Anita Barrows and Joanna Macy translated Rilke's Book of Hours.
In Anita's introduction, she writes how she and Joanna "allowed these poems to reveal their meanings to us."
"I discovered yet deeper resonances between them and the most pervasive themes of my life. Rilke's love for things of this world, his insistence that they, we, are what is sacred, his capacity to see the holy in the ordinary - all these have continued to inform my own poetry for thirty years."
Rilke - I, 1
I know that nothing has ever been real
without my beholding it.
All becoming has needed me.
My looking ripens things
and they come toward me, to meet and be met.
She continues: "A person (or a thing) comes to exist by being met in the most authentic way by another. My practice of psychotherapy has been deeply informed by the Jungian principle of reciprocal individuation, which means that a deep and loving encounter is what generates development. How close this is to Rilke's declaration that our greatest summons is really to see the things of this world.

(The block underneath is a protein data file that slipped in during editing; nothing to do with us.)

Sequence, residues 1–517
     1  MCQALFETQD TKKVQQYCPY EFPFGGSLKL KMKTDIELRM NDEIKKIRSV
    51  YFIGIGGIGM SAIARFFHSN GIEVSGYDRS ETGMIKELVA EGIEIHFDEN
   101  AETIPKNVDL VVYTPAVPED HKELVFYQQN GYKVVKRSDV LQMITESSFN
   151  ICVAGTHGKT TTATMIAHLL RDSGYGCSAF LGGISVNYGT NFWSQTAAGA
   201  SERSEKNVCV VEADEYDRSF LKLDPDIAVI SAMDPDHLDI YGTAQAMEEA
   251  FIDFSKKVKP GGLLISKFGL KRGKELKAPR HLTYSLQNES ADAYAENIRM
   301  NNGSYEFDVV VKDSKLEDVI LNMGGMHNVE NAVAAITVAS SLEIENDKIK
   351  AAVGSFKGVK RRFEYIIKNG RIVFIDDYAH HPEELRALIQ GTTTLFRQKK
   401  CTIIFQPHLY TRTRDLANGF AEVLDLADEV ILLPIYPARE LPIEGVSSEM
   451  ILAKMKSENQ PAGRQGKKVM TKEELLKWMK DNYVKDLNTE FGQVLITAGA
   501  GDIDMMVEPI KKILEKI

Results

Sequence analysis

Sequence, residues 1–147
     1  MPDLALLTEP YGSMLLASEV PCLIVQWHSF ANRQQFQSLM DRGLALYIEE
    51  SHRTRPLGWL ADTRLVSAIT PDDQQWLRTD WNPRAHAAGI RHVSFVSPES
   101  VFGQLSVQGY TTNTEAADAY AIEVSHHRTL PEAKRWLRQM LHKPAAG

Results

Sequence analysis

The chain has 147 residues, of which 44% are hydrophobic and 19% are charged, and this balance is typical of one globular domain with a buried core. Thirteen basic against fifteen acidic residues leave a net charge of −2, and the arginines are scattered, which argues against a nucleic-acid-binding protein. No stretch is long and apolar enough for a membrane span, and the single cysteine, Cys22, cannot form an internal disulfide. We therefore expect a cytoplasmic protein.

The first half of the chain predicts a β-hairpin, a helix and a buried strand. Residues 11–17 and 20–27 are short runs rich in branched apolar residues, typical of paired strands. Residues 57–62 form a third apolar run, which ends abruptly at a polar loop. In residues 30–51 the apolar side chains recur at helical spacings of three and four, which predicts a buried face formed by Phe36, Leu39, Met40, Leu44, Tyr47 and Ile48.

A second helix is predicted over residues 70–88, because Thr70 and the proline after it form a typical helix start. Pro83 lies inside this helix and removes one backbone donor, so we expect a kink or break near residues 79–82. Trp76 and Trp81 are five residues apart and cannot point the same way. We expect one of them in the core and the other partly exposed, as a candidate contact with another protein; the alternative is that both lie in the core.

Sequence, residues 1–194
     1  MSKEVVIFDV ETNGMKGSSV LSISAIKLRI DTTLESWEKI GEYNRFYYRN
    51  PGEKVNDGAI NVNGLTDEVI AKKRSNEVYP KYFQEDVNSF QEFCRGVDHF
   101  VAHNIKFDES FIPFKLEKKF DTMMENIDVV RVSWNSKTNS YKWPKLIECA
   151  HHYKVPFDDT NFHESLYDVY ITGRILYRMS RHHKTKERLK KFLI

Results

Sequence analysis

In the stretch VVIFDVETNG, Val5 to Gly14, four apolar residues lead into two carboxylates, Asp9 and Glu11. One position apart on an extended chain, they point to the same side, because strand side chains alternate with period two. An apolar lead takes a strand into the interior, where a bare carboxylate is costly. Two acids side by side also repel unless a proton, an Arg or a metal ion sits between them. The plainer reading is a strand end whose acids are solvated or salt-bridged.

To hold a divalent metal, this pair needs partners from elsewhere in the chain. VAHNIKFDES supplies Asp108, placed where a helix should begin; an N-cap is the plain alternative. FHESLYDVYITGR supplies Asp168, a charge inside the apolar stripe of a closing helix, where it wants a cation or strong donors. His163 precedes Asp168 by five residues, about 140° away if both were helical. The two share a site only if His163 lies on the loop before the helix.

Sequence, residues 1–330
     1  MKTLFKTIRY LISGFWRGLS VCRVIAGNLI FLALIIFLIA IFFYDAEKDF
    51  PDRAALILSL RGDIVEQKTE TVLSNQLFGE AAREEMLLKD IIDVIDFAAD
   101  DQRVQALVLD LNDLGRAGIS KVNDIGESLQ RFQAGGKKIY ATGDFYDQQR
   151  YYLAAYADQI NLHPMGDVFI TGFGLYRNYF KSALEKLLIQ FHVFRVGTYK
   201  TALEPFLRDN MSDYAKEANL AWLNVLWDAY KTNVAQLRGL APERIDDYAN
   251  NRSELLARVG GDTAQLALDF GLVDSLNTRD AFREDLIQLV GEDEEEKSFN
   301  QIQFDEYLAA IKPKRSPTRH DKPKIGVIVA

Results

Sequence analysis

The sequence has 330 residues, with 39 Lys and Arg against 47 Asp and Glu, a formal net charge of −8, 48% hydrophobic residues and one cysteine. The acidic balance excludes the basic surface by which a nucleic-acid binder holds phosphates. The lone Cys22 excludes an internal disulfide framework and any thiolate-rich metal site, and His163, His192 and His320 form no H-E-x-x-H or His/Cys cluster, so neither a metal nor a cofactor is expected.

We are because we are seen; we are because we are loved. The world is because it is beheld and loved into being. On a silent retreat, while watching a line of ants traveling up a hillside, words came to me that I would repeat again and again in my mind: I am in the world to love the world. I knew, standing there in the parched summer grasses, how deeply the poems of The Book of Hours had already penetrated my being, speaking to me as instructions for living."
This is a wonderful book to open and carry around, inside and out, through the summer hours, and into fall.